it is the CAM part I actually like (as a hobby, still not work)... ie getting some tool paths setup so I can go play with machining something on my little CNC router...
post #14 of 50
Thread Starter 
Quote:
Originally Posted by Mfusick View Post

Agreed .

with what part?
that revo drives are pretty zippy?
or that the whole sandforce thing seems to be ~80% FUD?
post #15 of 50
Quote:
Originally Posted by spivonious View Post

Core i7 is overkill unless you're doing major video transcoding.

Well, I'd normally agree, that even for a desktop an i7 is overkill, but, as you often have to do, you have to add an "unless you live near a Micro Center" exception to this rule. Right now they are selling the i7-2600k for $199.95. Since that's $120 less than Newegg charges, and is less than what most places charge for the i5s, I say go the i7 if you want overkill.

(although, if you're already going to a Micro Center, you still might choose to save $50 and get an i5-2400 for $149.99 and probably be perfectly happy, or take advantage of their "buy an i5-2500k for $179.99 and get $50 off a Z68 motherboard" deal and be even happier)
post #16 of 50
Quote:
Originally Posted by Zon2020 View Post

Well, I'd normally agree, that even for a desktop an i7 is overkill, but, as you often have to do, you have to add an "unless you live near a Micro Center" exception to this rule. Right now they are selling the i7-2700k for $199.95. Since that's $120 less than Newegg charges, and is less than what most places charge for the i5s, I say go the i7 if you want overkill.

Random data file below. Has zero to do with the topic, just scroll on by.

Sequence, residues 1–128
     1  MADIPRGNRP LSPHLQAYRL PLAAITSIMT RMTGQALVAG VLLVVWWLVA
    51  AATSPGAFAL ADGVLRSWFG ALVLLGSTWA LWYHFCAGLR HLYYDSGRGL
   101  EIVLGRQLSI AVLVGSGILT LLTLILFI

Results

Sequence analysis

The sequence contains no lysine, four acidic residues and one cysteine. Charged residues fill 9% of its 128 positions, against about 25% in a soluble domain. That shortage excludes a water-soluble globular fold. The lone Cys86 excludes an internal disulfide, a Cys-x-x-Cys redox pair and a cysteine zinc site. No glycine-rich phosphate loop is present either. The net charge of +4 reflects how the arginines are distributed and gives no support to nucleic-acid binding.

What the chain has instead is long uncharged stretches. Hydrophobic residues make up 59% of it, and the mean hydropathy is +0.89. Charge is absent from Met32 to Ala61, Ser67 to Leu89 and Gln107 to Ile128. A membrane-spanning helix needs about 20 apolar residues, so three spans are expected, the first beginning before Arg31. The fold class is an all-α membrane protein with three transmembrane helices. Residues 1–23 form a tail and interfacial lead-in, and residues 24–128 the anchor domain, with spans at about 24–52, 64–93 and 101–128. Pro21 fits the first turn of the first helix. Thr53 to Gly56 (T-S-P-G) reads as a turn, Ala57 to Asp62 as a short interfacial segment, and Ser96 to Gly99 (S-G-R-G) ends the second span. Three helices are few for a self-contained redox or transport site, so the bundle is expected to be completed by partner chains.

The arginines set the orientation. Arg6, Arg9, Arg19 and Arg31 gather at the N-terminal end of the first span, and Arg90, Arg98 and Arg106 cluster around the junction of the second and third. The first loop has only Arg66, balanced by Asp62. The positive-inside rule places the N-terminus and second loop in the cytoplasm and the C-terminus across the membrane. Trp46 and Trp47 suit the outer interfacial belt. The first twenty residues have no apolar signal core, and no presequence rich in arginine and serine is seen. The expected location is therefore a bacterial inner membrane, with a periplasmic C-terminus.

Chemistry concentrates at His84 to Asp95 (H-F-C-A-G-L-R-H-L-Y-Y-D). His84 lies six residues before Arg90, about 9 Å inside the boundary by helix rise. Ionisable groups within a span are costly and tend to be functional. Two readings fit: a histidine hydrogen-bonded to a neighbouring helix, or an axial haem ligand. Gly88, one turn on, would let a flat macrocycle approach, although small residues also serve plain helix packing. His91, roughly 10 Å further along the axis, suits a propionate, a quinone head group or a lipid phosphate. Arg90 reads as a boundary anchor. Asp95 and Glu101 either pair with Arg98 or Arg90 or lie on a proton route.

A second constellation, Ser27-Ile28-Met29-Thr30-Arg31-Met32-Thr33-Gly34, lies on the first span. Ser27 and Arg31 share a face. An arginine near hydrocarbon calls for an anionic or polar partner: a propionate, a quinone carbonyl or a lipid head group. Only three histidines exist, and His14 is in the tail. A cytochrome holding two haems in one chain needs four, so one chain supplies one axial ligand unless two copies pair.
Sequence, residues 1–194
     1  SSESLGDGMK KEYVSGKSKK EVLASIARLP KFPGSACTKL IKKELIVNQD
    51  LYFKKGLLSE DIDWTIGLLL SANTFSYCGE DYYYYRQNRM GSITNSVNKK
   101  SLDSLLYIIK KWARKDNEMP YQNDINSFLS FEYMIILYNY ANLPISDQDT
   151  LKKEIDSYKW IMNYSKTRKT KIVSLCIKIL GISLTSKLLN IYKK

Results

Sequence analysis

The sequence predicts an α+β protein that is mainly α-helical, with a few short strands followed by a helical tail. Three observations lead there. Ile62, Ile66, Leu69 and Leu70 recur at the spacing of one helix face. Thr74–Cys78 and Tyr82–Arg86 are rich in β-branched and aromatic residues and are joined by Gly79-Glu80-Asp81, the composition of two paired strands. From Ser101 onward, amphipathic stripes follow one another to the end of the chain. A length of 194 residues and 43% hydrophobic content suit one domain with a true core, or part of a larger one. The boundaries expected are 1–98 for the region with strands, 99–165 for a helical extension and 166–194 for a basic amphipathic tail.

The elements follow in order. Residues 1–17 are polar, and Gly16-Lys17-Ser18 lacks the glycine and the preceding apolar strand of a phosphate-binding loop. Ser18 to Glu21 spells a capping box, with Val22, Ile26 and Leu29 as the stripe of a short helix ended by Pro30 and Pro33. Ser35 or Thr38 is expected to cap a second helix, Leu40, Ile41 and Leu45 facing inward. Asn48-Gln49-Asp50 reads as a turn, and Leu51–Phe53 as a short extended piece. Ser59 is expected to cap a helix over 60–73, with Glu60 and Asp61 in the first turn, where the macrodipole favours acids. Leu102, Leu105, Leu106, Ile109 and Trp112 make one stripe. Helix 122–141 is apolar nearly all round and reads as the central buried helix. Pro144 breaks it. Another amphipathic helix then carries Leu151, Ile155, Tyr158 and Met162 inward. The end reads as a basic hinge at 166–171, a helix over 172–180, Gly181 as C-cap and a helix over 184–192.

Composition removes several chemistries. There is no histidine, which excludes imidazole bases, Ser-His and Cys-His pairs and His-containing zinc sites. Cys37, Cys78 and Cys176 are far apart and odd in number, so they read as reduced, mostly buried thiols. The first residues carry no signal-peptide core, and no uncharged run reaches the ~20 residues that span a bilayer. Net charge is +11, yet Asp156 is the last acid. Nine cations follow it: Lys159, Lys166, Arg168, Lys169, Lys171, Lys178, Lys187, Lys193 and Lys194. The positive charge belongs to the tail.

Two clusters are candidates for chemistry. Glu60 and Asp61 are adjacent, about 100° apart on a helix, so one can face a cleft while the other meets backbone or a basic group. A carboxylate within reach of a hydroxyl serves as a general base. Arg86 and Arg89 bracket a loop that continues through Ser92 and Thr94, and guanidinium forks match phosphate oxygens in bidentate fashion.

(although, if you're already going to a Micro Center, you still might choose to save $50 and get an i5-2400 for $149.99 and probably be perfectly happy, or take advantage of their "buy an i5-2500k for $179.99 and get $50 off a Z68 motherboard" deal and be even happier)

That's a hard deal to refuse. i7 for $199. I paid $299 for my 2600k and thought I got a deal... lol
post #17 of 50
Quote:
Originally Posted by Somewhatlost View Post

I am really starting to wonder how much of that "Sandforce evil bugs/flaws" thing is real, and how much is just pure FUD?

It's not all Sandforce, just the SF2281 controller, and it's definitely real. It's even been acknowledged by Sandforce and the drive manufacturers.

The question isn't whether the problem exists, it's whether the October 2011 firmware update solved it. This, however, is what Anandtech wrote in February of this year in reviewing the Intel 520:

"The BSOD is Back, but Not on Intel